Manhattan Judge Hits Trump While Down & Rules For Letitia James

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Manhattan Supreme Court Judge Arthur Engoron has ordered the release of documents to the office of New York state Attorney General Letitia James (D) from the Morgan Lewis law firm in connection to their work in relation to a Trump Organization property in Westchester County. That property, the so-called Seven Springs estate, has been under investigation by James’s office for apparent fraudulent adjustments to its valuation by the Trump Organization, which is the former president’s family business. The Trump Organization received a boon on its taxes because of a large valuation for a conservation easement on the property.

Engoron, who has been handling court proceedings surrounding James’s investigation of the Trump Organization for awhile, concluded that documents that Morgan Lewis marked as privileged weren’t actually privileged. Thus, he ordered the material’s submission to James’s office by February 4. Previously, he also ordered Eric Trump, the ex-president’s son, to sit for a deposition before the recent presidential election as a part of James’s investigation. Eric had been trying to get his deposition delayed. In this case, Engoron wrote, in part, as follows:

‘The Court finds that many of the communications Morgan Lewis marked as privileged were communications addressing business tasks and decisions, not exchanges soliciting or rendering legal advice.’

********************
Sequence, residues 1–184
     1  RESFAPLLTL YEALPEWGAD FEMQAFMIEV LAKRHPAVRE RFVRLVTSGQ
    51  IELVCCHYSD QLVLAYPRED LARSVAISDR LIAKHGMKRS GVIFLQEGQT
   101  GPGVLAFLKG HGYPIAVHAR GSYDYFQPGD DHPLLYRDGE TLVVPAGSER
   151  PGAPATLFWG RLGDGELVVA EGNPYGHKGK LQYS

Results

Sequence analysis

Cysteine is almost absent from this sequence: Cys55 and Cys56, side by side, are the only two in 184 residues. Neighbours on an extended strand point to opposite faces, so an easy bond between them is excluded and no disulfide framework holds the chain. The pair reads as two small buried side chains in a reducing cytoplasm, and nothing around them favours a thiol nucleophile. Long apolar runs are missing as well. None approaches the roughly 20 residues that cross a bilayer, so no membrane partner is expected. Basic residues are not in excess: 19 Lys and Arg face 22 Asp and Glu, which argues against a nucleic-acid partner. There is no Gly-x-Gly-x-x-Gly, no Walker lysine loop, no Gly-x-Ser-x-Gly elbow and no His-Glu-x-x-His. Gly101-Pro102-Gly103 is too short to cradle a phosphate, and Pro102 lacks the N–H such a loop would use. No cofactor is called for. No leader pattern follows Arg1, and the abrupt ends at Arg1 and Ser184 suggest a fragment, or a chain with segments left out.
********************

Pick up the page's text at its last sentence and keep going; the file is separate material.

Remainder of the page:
Quoting a previous ruling, Engoron added that a lawyer’s “communication is not cloaked in privilege when the lawyer is hired for business or personal advice, or to do the work of a nonlawyer.” Check out the ruling in the below post:

Besides James’s investigation, Manhattan District Attorney Cy Vance has also been investigating the Trump Organization, and in contrast to the civil probe from James’s office, Vance has been leading a criminal investigation. As a part of this investigation, his office has been seeking copies of the ex-president’s financial records, including his tax returns, and recently, his office expanded their investigation to include the Seven Springs property. This expansion included subpoenas for records relating to the property from towns in which it sits.

Now that he’s out of office, Trump has lost any tentative protections from criminal proceedings that the presidency may have provided. Besides the New York investigations, Trump is also facing an imminent second impeachment trial in the Senate after the Democrat-led House charged him with incitement of insurrection for helping spark the recent Capitol rioting.